Canada announced this week it will expand family-related exemptions for entering that country from the United States. Congressman Brian Higgins has written the Trump Administration seeking a similar relaxation of restrictions to enter the United States.
Previously, the Canadian government announced it would allow exemptions for immediate family members but on Thursday stated it would extend those privileges to extended relatives, provided they first complete a 14-day quarantine upon entry.
"Those considered to be extended family members would include an exclusive dating relationship for at least a year, an adult child, a grandchild, a sibling, a half-sibling, a step-sibling and a grandparent," said Congressman Higgins. "What we're asking the Trump administration to do is to provide that expanded exemption to American citizens, the same as is being applied to Canadian citizens."
The US-Canada border has been closed to non-essential traffic since March. Exemptions include commercial, medical, educational, military, government or emergency response needs. The agreement between Washington and Ottawa to close the border has been extended several times since March and is currently set to expire October 21.
But Higgins, who has also pushed to allow entry into Canada by Western New Yorkers who own property there, says COVID numbers continue to be an obstacle.
"Canadian federal government officials and provincial officials, specifically the province of Ontario, have an obligation to protect their people, their health and safety. And Americans, because of the ineffective, chaotic way that the federal government dealt or didn't deal with this, are viewed as super spreaders," Higgins said.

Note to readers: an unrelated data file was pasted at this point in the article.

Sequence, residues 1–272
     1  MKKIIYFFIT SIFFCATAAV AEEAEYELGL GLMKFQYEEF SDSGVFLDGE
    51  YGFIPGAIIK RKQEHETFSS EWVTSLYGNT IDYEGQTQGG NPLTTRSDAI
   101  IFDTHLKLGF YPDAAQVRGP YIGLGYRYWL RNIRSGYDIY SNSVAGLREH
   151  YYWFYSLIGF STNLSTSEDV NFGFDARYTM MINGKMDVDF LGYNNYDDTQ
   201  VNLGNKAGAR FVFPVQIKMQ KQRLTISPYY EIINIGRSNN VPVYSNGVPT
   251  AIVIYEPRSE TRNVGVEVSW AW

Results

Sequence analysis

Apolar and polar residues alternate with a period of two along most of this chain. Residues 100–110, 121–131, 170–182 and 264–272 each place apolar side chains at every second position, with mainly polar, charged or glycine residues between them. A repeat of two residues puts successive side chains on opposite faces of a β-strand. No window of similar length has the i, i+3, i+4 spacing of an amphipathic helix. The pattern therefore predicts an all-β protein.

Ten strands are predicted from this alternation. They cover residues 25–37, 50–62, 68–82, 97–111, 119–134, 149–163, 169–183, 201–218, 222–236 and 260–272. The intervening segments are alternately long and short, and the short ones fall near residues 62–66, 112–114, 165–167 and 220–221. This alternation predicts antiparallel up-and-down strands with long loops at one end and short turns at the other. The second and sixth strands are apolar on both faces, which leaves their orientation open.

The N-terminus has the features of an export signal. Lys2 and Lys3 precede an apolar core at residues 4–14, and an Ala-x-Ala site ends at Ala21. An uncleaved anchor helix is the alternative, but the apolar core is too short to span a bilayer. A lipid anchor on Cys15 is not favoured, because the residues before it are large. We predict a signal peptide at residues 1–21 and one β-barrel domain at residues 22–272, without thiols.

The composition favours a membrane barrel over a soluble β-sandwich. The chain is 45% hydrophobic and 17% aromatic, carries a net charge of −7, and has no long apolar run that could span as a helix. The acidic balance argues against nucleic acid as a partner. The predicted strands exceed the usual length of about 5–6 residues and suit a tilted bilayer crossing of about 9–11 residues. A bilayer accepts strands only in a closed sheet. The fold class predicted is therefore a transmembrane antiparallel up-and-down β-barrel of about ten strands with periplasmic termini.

Monday marks Thanksgiving in Canada. Higgins says many families will be unable to get together for the holiday, as the border remains closed. Further frustrating to the congressman is that New York's numbers have been kept low, but other regions along the northern border are experiencing growths in numbers.
In his letter to President Trump, Higgins suggests allowing a regional approach so that areas in better shape, including Western New York, may resume cross-border transactions.
In the meantime, he's also urging US citizens to stop treating safety measures as a political issue and respect them as steps needed to bring the nation closer to the end of the pandemic.
"If we don't, then these numbers are going to continue. If we don't, the US-Canadian border is going to remain closed," he said. "If we don't, we're not going to get back to a sense of of normalcy in terms of the economy. So I think that, you know, we can do a better job.
"But we have to do it together, because some of us doing it, and others not, just lead to the same result. We have a disproportionately high number of COVID-19 cases and a disproportionately high number of COVID-19 deaths. And that has to change. Until that changes, the Canadian border's going to remain closed."